first use of the financial supply chain’s new
global coding scheme is being tested by swaps market
participants in their new responsibility to report swaps
transactions to trade repositories.
would agree that while a lot of global cooperation has been
achieved and progress has been made, it is not yet
intent is to have unique, unambiguous and universal codes
embedded in all financial transactions.
these codes data aggregation across the multiple business units
of financial enterprises and across multiple financial
institutions would be possible.
objective for the deployment of this global ID regime was to
observe a single firm’s enterprise risk and
multiple firms’ systemic risk across the
first test of its use for data aggregation is with swaps
transactions in trade repositories.
regulatory and industry initiatives are focusing on
incrementally adjusting the coding scheme as regulators attempt
to rollout the ID system across the globe.
ESMA (European Securities Market Authority) published reporting
guidelines on the LEI (Legal Entity Identifier) and the UTI
(Unique Transaction Identifier). EIOPA
(European Insurance and Occupational Pension Authority)
published reporting guidelines for the LEI. ISDA
published reporting guidelines for the UTI and UPI (Unique
three recent releases are an attempt to bring clarity to the
identification regime first proposed by the SEC, CFTC and
Office of Financial Research (OFR) in 2010 and subsequently
transferred to the Financial Stability Board (FSB) in
then the FSB has organized the Regulatory Oversight Committee,
a group of 70 regulators from 40 countries, and the Global
Legal Entity Identifier Foundation (GLEIF), whose board is made
up of 16 industry practitioners and academics, to implement one
part of the global identification scheme, the Global Legal
Entity Identifier System (GLEIS).
regulators and trade associations have opined previously on the
ID regime, including the
Singapore Monetary Authority,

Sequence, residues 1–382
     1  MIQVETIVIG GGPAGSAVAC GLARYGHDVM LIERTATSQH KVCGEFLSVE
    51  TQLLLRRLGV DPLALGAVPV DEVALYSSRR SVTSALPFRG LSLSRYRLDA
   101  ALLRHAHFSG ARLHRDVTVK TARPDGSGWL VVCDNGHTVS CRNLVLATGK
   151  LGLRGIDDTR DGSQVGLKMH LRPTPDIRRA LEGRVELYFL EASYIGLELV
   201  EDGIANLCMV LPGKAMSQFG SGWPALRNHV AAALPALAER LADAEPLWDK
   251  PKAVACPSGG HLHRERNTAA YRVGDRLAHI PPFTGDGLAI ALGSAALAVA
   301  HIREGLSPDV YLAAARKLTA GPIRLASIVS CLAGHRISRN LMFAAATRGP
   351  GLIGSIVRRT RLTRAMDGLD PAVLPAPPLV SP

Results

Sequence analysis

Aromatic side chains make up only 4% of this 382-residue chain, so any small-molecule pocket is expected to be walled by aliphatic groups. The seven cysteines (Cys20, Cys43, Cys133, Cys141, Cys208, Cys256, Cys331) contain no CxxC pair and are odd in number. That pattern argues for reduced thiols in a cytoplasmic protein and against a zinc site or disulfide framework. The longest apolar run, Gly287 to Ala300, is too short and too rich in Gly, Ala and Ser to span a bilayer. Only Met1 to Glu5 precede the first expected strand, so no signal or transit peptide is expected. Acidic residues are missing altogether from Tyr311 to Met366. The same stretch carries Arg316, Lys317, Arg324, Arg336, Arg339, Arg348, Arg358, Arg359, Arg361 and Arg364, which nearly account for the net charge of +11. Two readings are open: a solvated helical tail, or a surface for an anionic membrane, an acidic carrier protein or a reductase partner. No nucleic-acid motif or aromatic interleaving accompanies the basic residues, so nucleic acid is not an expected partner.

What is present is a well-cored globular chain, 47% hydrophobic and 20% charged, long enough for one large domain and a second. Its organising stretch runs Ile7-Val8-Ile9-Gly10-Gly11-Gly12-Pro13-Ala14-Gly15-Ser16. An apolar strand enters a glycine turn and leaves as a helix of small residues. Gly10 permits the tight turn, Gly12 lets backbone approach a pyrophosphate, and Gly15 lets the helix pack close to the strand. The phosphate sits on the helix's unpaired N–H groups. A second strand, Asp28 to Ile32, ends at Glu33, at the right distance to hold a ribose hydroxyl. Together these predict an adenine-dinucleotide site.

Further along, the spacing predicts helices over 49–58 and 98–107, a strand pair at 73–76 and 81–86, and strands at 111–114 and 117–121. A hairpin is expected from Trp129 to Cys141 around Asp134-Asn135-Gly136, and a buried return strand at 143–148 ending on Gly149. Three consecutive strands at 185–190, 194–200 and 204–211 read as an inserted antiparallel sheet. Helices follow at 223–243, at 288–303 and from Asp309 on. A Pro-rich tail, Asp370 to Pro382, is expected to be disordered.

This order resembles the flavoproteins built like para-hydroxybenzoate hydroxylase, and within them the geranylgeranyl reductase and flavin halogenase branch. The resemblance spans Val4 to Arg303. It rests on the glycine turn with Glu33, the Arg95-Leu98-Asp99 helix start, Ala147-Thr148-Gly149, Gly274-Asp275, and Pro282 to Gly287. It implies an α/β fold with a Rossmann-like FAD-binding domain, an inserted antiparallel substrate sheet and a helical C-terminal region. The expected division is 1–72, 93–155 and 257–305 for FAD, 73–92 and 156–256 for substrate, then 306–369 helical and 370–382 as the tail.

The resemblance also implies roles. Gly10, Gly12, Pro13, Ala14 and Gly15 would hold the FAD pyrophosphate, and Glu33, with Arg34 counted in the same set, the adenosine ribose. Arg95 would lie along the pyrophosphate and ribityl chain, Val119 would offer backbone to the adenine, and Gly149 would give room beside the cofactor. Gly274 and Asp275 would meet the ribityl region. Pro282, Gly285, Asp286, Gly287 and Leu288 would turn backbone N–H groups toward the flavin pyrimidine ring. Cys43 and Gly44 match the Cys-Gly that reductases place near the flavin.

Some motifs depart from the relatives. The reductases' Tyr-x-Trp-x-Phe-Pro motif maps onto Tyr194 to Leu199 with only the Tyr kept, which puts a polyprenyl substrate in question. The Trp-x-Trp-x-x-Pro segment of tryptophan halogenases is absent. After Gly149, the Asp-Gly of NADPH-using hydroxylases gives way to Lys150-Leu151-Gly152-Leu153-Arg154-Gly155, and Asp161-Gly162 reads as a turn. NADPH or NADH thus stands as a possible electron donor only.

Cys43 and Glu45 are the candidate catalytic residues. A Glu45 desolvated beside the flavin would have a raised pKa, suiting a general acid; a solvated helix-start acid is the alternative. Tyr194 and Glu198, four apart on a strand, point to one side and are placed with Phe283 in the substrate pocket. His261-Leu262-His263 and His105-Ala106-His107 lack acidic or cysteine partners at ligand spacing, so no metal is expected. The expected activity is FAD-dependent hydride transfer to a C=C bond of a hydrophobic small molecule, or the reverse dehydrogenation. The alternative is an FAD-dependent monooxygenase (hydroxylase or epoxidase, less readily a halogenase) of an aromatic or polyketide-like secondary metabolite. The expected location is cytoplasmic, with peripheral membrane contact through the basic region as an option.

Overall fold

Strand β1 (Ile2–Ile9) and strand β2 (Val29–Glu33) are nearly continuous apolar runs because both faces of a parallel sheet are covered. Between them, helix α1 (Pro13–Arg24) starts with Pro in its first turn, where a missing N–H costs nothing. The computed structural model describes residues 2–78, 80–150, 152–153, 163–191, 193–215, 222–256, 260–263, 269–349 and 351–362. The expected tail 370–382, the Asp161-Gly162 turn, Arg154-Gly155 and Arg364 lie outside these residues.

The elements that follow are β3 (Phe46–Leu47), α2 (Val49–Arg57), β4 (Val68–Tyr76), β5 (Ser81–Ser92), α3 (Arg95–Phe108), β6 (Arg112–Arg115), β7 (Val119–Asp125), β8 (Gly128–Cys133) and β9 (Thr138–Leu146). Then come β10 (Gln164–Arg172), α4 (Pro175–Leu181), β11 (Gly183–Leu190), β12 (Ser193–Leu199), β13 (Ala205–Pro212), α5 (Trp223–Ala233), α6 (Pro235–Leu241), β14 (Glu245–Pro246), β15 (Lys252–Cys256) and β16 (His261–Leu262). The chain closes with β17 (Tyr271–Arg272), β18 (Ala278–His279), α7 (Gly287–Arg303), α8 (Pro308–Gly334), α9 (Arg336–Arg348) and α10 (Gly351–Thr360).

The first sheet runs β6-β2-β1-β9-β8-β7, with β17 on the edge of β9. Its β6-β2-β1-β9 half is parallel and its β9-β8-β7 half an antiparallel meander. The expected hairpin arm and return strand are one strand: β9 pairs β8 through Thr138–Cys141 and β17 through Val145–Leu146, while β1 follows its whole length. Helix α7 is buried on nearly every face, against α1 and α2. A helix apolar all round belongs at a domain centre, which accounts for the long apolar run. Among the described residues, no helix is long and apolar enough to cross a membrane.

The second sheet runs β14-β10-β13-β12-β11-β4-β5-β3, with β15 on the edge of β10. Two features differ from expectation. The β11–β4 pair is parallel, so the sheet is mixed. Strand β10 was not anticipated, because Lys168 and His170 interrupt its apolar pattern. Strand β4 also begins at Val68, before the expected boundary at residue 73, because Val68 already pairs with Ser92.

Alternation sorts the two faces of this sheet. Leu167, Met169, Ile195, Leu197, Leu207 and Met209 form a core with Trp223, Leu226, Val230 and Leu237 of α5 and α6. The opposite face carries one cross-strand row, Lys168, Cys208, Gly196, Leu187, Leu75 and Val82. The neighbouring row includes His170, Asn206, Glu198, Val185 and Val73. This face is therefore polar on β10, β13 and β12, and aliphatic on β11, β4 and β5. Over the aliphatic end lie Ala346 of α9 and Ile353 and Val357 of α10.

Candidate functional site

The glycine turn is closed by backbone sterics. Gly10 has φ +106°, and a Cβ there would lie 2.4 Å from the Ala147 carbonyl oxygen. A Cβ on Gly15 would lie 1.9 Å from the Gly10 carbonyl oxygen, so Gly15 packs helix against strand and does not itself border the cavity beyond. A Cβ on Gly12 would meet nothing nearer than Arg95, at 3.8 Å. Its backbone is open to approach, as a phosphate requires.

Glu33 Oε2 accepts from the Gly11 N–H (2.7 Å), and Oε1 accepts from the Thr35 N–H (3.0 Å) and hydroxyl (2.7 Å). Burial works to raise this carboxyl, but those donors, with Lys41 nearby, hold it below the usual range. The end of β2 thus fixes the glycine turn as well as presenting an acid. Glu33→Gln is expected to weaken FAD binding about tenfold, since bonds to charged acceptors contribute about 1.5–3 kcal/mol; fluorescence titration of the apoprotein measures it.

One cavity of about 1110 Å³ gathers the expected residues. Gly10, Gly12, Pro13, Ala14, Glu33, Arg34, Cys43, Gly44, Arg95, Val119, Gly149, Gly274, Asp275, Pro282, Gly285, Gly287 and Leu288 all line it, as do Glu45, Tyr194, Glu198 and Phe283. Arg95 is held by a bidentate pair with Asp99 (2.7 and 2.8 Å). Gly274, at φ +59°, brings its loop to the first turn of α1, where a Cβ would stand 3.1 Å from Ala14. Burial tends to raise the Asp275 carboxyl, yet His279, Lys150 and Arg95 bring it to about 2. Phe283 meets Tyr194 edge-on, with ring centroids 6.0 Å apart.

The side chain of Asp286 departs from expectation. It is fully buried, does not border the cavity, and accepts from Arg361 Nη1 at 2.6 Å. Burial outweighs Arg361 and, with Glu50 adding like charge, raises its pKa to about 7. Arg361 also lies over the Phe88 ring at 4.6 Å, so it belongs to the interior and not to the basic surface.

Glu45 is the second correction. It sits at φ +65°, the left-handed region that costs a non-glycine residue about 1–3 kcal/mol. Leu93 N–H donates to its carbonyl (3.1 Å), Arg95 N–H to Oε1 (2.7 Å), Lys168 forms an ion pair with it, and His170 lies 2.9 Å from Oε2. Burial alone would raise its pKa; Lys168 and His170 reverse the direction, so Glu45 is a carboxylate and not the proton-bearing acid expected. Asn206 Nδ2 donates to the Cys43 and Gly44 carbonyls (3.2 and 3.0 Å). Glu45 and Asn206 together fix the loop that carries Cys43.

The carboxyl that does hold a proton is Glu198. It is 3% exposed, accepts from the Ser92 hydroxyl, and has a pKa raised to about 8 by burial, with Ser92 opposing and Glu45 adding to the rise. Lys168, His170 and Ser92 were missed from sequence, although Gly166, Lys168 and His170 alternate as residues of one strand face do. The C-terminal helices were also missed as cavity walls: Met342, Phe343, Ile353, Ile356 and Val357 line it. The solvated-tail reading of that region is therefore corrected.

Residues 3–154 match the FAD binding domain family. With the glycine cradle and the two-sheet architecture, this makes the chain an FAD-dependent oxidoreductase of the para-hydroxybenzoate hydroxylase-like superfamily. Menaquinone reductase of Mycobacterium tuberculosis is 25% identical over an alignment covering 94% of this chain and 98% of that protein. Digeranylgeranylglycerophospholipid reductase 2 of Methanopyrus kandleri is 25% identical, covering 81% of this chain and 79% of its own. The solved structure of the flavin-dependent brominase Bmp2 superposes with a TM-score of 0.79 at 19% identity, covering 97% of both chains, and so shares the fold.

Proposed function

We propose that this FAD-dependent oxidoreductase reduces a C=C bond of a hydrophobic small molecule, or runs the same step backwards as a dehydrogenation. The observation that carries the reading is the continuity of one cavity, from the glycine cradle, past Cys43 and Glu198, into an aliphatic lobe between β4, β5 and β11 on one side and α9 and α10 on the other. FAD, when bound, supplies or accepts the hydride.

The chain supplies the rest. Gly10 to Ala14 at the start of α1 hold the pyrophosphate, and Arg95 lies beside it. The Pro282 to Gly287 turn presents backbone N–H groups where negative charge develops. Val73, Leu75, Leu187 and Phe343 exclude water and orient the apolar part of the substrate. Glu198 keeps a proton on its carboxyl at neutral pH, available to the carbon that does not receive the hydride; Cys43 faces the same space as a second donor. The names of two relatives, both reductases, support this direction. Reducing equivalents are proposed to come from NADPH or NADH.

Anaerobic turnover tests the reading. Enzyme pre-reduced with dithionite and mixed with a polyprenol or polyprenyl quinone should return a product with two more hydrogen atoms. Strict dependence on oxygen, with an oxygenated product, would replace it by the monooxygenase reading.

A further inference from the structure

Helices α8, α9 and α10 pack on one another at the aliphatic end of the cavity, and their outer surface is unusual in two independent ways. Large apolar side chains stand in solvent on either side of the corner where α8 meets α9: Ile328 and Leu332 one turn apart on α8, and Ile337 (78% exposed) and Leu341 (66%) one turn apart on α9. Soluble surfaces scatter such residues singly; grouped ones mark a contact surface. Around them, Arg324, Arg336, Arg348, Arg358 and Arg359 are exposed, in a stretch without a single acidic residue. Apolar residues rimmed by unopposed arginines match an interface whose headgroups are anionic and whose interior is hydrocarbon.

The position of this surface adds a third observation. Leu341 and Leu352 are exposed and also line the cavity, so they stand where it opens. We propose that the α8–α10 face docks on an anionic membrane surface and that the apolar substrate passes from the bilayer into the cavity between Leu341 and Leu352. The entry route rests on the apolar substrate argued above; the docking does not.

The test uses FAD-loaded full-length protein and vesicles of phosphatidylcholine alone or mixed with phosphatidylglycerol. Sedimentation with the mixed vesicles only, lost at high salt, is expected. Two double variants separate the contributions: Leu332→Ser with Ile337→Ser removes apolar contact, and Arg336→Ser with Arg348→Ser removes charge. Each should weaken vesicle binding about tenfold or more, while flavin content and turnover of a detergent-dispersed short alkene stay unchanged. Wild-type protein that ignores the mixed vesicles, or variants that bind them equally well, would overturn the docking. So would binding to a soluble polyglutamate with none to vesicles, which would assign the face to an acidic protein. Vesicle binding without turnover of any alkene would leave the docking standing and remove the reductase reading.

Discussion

FSB and the
GFMA’s CEOs also chimed in recently on needed
improvements. Relevant excerpts from all of these documents are
included in the referenced footnotes.
LEI is particularly important to implementing global as well as
local swaps risk regimes as it is intended to uniquely describe
the counterparties and reference entities in a swaps
transaction. The LEI is also to be used in constructing the
regulators are describing the GLEIS as "operational" the GLEIF
is more cautious as they must
design the operating components of the system and then
now what is operational is local issuance and maintenance of
pre-LEIs by 17 LOUs (facilities operators designated as Local
Operating Units that organize the local LEI registries and
maintain business card data on each legal entity).
13 LOUs are still in the formation stage.
to be decided is the mechanism for registering and maintaining
organizational hierarchies and controlling entities of multiple
LEIs; the mechanism to make changes to LEIs as corporate events
such as mergers, spin-offs, acquisitions and bankruptcies
occur; and the mechanism to federate all the disparate LEI
registries into a virtual data base for a single view and
access to the entire set of LEIs.
general theme common to all the referenced regulatory
'mandates’ is that:
the identification system as currently implemented is not yet
functioning as intended;
that use of the pre-LEI codes as the counterparty code is to be
used until an officially approved LEI system is
that no pre-LEIs are available for branches so a BIC (Swift
issued Banking Industry Code) can be used;
that no LEIs are planned to be available for individuals so an
internal customer number can be used;
to construct the UTI various construction 'themes’
of each regulatory can be used until an official UTI is
to provide for a UPI in data reporting use any available
interim UPI taxonomy until a global one is
is not quite the nod to unique, unambiguous and universal code
construction the industry and regulators asked for.
it is not yet useable for its intended purpose, in the
immediate term – counterparty data aggregation within
and across swaps trade repositories globally; and longer-term
–for global risk analysis across all financial market
participants and all the products traded.
are not yet there on the short-term and a long way from the
would not be surprising, given the adjustments regulators and
industry are already seeking to see the transition from the
pre-LEI to the GLEIS require adjustments to the LEI codes
a prefix appended to the LEI code to associate each LEI with
its parent registering entity. This simple addition would
accommodate data aggregation; ease global access; and permit
rapid updating of corporate events, all key functions yet to be
additional research on this topic see www.FinancialinterGroup.com
Allan D Grody
is president of Financial InterGroup Holdings.